Friday, September 20, 2013

Streaming Shakespeare

Just how much Shakespeare is, literally, at your fingertips?  I was thinking about this the other day while searching my Netflix account for keyword "Shakespeare".  And then I thought, "Yes but I also have Amazon Prime.  And what about YouTube?  People upload full versions of movies to YouTube all the time. You can watch 10 Things I Hate About You right now, actually."

Apparently I'm not the only one thinking along these lines, because Can I Stream It? exists and looks to be pretty awesome. Go ahead, type in "shakespeare" and watch what happens.  All the Shakespeare movies, along with a button telling you where you can get them.

Oh look, I can rent Josh Whedon's Much Ado About Nothing on Amazon for $1.99.

There's also a feature where I can sign up for notifications, and get a message when it's available for streaming on Amazon Prime or Netflix (or any of a number of other services that you may have, that I do not).

It could be a smidge better - I'd like the option to filter out certain services.  Why get my hopes up that a movie is available for streaming on Hulu if I don't have Hulu?  But I can understand why they leave it in.

Ok, so, here's the game.  Play around with search.  Report back on your most interesting finding, the one that makes you say, "Oh, wait, ______ is available online?  Freaking awesome!"

I found a 1981 Cymbeline that's only available on Netflix DVD, so I guess I'll wait on that one.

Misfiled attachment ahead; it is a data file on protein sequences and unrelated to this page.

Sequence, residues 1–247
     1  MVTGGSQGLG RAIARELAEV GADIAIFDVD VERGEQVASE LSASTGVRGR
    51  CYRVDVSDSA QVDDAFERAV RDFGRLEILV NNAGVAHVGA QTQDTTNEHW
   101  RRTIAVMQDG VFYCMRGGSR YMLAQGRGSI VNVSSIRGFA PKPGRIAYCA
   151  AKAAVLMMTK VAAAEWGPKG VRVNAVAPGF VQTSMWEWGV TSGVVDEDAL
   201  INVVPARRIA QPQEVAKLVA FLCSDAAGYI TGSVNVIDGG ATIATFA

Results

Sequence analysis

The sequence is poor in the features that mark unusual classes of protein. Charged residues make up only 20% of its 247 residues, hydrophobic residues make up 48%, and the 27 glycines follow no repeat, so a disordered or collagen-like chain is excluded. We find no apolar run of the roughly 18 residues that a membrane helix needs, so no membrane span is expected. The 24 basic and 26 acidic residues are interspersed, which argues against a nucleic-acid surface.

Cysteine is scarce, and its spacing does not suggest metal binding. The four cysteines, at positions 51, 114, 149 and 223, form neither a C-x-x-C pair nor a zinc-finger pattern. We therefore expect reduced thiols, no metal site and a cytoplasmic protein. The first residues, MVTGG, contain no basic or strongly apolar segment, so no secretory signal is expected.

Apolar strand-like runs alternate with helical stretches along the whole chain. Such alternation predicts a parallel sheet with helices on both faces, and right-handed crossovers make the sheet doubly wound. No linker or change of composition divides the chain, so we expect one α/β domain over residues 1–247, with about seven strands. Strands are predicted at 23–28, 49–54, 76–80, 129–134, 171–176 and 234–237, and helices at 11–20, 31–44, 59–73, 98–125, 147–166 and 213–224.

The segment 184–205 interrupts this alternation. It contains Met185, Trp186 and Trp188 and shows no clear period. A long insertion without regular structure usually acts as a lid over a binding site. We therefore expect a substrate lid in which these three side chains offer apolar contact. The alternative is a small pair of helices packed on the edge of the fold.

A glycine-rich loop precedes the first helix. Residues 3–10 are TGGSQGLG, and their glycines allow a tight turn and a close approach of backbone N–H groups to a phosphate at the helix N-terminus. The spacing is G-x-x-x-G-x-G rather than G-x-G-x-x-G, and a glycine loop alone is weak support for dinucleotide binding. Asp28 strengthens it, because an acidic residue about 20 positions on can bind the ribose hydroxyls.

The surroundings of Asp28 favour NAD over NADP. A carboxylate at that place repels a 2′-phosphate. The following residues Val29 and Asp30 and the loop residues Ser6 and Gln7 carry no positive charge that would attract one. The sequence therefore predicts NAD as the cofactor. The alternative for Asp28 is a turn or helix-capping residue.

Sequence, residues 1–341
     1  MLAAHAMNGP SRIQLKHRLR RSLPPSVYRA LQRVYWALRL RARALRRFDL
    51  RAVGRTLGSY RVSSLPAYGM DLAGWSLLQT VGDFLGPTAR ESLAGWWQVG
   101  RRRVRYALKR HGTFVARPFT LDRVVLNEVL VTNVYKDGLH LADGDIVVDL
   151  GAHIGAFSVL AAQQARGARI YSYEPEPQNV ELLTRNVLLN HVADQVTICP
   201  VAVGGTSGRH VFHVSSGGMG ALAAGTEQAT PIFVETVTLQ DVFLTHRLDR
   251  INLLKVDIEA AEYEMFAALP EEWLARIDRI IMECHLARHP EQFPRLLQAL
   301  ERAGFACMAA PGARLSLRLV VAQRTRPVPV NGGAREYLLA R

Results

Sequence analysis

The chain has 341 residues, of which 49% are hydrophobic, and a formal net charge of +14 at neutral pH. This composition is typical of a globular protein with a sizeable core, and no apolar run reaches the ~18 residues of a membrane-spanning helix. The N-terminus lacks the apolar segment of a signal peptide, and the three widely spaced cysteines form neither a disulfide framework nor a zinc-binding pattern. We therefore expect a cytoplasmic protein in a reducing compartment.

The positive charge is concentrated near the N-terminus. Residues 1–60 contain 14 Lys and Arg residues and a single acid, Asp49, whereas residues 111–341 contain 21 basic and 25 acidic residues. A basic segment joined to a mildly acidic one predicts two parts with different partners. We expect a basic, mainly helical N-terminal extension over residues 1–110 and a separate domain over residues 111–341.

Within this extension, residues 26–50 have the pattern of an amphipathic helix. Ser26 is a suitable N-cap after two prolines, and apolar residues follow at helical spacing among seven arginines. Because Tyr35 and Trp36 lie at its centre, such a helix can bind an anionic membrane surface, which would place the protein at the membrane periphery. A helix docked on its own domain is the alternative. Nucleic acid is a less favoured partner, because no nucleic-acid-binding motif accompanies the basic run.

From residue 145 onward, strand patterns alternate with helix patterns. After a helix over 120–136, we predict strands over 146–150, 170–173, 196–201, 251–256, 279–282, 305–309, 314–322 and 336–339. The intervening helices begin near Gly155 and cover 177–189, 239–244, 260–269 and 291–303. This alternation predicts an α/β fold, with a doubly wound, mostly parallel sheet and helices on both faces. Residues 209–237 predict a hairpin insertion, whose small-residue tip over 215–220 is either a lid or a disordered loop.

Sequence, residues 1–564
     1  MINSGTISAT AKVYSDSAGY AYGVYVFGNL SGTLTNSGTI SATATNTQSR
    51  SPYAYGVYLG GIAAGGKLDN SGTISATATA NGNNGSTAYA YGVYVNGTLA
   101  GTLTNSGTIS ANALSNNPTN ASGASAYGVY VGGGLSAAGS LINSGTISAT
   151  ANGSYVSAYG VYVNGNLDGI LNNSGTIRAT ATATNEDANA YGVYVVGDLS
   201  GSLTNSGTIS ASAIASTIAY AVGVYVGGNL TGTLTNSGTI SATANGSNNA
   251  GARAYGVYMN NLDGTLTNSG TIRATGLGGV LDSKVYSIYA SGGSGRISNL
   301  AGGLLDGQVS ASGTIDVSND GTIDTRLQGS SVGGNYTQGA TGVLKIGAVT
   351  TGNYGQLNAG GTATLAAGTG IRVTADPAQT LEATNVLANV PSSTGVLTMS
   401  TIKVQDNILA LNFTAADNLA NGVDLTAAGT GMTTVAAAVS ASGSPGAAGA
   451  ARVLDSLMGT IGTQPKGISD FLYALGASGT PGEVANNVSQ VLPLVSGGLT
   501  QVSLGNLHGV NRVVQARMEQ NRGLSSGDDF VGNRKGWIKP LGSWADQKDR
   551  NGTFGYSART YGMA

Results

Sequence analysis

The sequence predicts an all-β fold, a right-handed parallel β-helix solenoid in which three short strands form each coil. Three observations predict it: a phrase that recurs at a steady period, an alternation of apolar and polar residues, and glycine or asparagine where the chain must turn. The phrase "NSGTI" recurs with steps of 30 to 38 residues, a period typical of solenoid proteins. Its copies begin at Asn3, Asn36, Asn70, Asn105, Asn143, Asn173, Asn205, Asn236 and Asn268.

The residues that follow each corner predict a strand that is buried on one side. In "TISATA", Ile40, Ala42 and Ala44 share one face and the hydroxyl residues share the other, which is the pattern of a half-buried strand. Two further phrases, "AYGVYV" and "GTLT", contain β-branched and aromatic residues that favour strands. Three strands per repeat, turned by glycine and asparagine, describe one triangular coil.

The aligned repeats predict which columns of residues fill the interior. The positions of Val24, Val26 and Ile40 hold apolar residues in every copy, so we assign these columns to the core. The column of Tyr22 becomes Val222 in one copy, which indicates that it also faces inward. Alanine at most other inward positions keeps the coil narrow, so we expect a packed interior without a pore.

I found a Shakespeare Conspiracy movie from 2000 starring Derek Jacobi? Has he always been on the wrong side of the authorship argument? I thought (hoped?) they just paid him off for that last movie.  No link for authorship movies :-P.

You can rent Sir Ian's Acting Shakespeare, but I added that one to my "alert when streaming" queue.

Oh hey cool, Fiennes' Coriolanus is available for streaming on Netflix!  And Sir Ian's King Lear is on Amazon Prime!

Ok, that's enough from me.  What have you found?

UPDATE  : Ok, I spoke too soon.  Behold King Lear, a Jean-Luc Godard film starring Burgess Meredith, Molly Ringwald and Peter Sellars.  WTactualH?


3 comments:

Kendra said...

And there is a lot of free streaming Shakespeare at http://globalshakespeares.mit.edu/#.

SariJ said...

If you miss the PBS series Hollow Crown on TV they will be streaming it for a limited time this fall on their website.

Fester said...

King Lear by Jean Luc Godard
From the Internet Movie Database:

Everything returns to normal after Chernobyl. That is, everything but art. Most of the great works are lost, and it is up to people like William Shakespear Junior the Fifth to restore the lost artwork of the human race. He finds strange goings-on at a resort enough to remind him of all the lines of the play, dealing with mob boss Don Learo and his daughter Cordelia, a strange professor named Jean Luc-Godard (sic), who repeatedly xeroxes his hand for no particular reason. He is followed by four humanoid goblins that keep tormenting Cordelia. There is also the gentleman whose girlfriend, Valerie, isn't always visible. Then the film is sent off to New York for Mr. Alien to edit.
WTactualH, indeed!